HARROWING tales of fighting behind enemy lines were relived by two veterans of 30AU during Saturday’s freedom celebrations.
Former commandos Bill Thomas and Harry Kelly were reunited once again to join the festivities in the town, organised to mark their heroism during the second world war.
Both men were part of the elite unit and were sent on several secretive missions into Germany during the war, often for weeks on end, with just their wits and fellow comrades to rely on.
Harry, 88, of Weybridge, in Surrey, said on many occasions he would be called to drive the truck, packed with 30AU troops, through Nazi-held Germany, and into the very heart of the Third Reich.
“We weren’t nervous about the missions,” he admitted. “It wasn’t like the trenches in the first world war where you came in contact with enemy troops often.
“There were vast areas where there weren’t any troops and you could slip through the net.
“We were given our instructions and we just carried them out.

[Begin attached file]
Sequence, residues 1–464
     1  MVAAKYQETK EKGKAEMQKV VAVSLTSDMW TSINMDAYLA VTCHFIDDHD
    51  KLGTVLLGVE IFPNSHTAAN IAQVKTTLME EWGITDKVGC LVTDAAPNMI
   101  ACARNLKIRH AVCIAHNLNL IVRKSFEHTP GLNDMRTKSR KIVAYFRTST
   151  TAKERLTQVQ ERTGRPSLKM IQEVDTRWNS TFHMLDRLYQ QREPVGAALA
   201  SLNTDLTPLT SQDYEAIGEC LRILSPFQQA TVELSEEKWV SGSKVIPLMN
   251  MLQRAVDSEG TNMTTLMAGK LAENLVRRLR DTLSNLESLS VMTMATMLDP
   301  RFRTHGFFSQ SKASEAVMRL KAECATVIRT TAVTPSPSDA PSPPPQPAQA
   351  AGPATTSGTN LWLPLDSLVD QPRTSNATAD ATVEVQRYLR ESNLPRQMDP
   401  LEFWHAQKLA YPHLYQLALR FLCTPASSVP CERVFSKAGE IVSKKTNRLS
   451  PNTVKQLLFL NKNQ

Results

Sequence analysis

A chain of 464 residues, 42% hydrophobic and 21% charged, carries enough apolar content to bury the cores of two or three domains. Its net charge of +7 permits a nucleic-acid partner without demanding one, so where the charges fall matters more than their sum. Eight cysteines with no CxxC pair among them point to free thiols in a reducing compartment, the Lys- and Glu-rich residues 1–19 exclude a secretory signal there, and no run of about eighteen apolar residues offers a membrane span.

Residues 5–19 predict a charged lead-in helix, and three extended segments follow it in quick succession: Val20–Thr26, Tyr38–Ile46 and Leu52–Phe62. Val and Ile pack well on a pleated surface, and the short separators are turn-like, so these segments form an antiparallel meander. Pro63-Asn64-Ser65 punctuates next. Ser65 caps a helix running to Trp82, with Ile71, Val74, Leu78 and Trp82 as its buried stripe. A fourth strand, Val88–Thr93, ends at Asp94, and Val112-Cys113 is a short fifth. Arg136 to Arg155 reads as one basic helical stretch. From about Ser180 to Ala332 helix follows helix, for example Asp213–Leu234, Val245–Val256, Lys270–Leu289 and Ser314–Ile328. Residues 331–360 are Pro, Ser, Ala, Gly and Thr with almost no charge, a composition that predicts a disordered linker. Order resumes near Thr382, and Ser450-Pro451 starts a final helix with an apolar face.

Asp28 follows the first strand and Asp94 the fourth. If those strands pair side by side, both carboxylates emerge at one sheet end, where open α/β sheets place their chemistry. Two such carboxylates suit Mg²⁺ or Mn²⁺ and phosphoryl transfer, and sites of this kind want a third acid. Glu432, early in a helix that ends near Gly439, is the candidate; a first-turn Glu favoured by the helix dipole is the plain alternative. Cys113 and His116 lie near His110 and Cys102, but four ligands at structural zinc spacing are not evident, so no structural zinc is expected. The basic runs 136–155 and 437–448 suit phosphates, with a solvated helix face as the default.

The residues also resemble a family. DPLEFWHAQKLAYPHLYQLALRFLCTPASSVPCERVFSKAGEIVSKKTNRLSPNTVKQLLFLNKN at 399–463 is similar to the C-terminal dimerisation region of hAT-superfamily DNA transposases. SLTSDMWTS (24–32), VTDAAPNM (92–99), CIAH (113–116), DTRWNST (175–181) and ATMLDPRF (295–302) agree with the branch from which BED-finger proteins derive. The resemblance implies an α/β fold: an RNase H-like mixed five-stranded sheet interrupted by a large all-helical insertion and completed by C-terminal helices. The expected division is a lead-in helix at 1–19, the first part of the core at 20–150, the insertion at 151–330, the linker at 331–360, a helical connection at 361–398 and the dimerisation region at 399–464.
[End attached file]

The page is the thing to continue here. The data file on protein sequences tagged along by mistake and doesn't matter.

“But sometimes we encountered retreating Germans and they would just let rip at you.
“They were doing it to delay you. So you would just have to deal with the situation.
“It was pretty hair-raising at times.”
Towards the end of the war, Harry and the commandos were tasked with seizing secretive German technology.
He said his unit, unbeknown to the Allies, were only six miles away when American and Russian forces linked at River Elbe, in 1945.
“This was a secretive operation and no one know we were there,” he said.
The pair took part in the celebrations in Littlehampton and received a salute from their modern-day counterparts during the march.
Bill, 89, of East Street, Littlehampton, said: “The town’s spirit hasn’t changed much since the war.
“The support for the troops then was fantastic and it was nice to see so many people coming out to support the marines today.
“I’m very proud of everyone. The marines did a wonderful job – they couldn’t have done it any better.”